• Note that changes in the federal government’s interpretation of ADA in 2011, as I’ve written, “attempted to lay out a bright-line rule that animals other than individually trained dogs and some miniature horses do not enjoy service animal status under the ADA.” The rules were meant to cover shops and the like and not necessarily all situations of disabled accommodation. There may be special rules applicable to the airline business, and some states (like California) may provide wider rights to animal owners than does federal law. http://www.overlawyered.com/2011/03/ada-feds-withdraw-service-animal-backing-for-ferrets-snakes/

  • “You want to touch my monkey?”

  • 14 CFR 382.117 – Must carriers permit passengers with a disability to travel with service animals? — paragraph (f) excerpted—
    (f) You [air carrier] are never required to accommodate certain unusual service animals (e.g., snakes, other reptiles, ferrets, rodents, and spiders) as service animals in the cabin. With respect to all other animals, including unusual or exotic animals that are presented as service animals (e.g., miniature horses, pigs, monkeys), as a carrier you must determine whether any factors preclude their traveling in the cabin as service animals (e.g., whether the animal is too large or heavy to be accommodated in the cabin, whether the animal would pose a direct threat to the health or safety of others, whether it would cause a significant disruption of cabin service, whether it would be prohibited from entering a foreign country that is the flight’s destination). If no such factors preclude the animal from traveling in the cabin, you must permit it to do so. However, as a foreign carrier, you are not required to carry service animals other than dogs.

    Then there’s also 14 CFR 91.3–
    § 91.3 Responsibility and authority of the pilot in command.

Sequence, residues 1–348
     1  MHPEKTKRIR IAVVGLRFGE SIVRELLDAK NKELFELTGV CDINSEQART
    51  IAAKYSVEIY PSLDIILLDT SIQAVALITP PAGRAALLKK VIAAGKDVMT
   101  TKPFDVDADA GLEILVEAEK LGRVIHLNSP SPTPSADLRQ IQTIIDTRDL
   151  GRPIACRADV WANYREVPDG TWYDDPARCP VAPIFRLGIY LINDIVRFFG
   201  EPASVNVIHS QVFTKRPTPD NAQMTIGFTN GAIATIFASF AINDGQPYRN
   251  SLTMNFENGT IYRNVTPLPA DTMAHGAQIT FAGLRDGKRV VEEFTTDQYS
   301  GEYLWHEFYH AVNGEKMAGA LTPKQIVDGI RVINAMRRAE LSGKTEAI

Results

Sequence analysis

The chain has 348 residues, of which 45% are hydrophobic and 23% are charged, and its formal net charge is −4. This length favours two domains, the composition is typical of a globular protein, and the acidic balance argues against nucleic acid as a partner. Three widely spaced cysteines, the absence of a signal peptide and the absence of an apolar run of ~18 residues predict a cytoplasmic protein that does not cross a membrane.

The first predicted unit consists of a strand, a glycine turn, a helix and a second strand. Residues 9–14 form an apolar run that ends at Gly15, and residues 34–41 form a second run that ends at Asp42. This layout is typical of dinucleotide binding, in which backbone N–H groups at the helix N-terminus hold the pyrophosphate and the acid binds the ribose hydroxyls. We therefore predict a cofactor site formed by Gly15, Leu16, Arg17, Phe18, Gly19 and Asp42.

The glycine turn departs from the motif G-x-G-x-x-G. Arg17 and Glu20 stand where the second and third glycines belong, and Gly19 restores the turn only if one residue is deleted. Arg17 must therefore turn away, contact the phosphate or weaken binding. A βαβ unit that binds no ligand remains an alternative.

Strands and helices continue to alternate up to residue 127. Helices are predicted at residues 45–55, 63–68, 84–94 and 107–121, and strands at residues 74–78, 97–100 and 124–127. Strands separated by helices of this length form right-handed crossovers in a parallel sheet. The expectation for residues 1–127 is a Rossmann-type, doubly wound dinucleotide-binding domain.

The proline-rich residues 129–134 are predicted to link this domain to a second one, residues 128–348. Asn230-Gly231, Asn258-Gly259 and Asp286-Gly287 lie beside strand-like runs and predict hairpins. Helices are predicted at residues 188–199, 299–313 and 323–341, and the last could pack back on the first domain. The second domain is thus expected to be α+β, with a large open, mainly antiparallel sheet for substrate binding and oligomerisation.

(a) The pilot in command of an aircraft is directly responsible for, and is the final authority as to, the operation of that aircraft.

    Who has the final say under these sometimes contradictory regulations? I’d say the pilot in command.

  • Only time I was ever early boarded was the _first_ time I cam home with a dog guide (proper generic term). It was actually a leader dog ™ from Rochester Mi, lion’s club supported producer of dog guides. The second one I just got on with everyone else. All my other travel? Just normal passenger with a dog and/or wife/kids.
    On the other hand, I have been refused entry at a couple restaurants. I had one threaten to call the cops, I invited them to do so immediately. If it had been the era of cell phones I would have offered to call myself. And yes, the dog was well groomed, in harness and I had the ID card provided by leader dog which included both my and my dog’s photo. Eventually it was determined that we had a right to enter and be provided service. At that time I turned around and walked out. No lawsuit, no lawyers, no complaints, simply having proven the point I had determined it was somewhere that did not deserve my patronage. Hopefully, if there was ever another blind customer with a dog guide they were welcomed as a customer.

  • I wonder how many of these serivce animals are actually pets whose owners do not want to pay the exorbitant airline fee for a pet in a carrier. My wife and I used to travel with one or two cats, and the fee for travel across the Atlantic was $250 or 250 euros, depending on the direction. Every airline, every flight. Then we got back to the US to find all sorts of small dogs with coats proclaiming them to be “service animals” scampering thru the airport and in the laps of the passengers on the flights.

    My cats stay in the carriers for the whole flight, but maybe I should find a doctor who could sign a piece of paper that it is important to my mental well being during the flight to be able to scratch the head of a Marine Coon cat. They are known to be quite human dependent and they bond quite easily with their supporting staff members.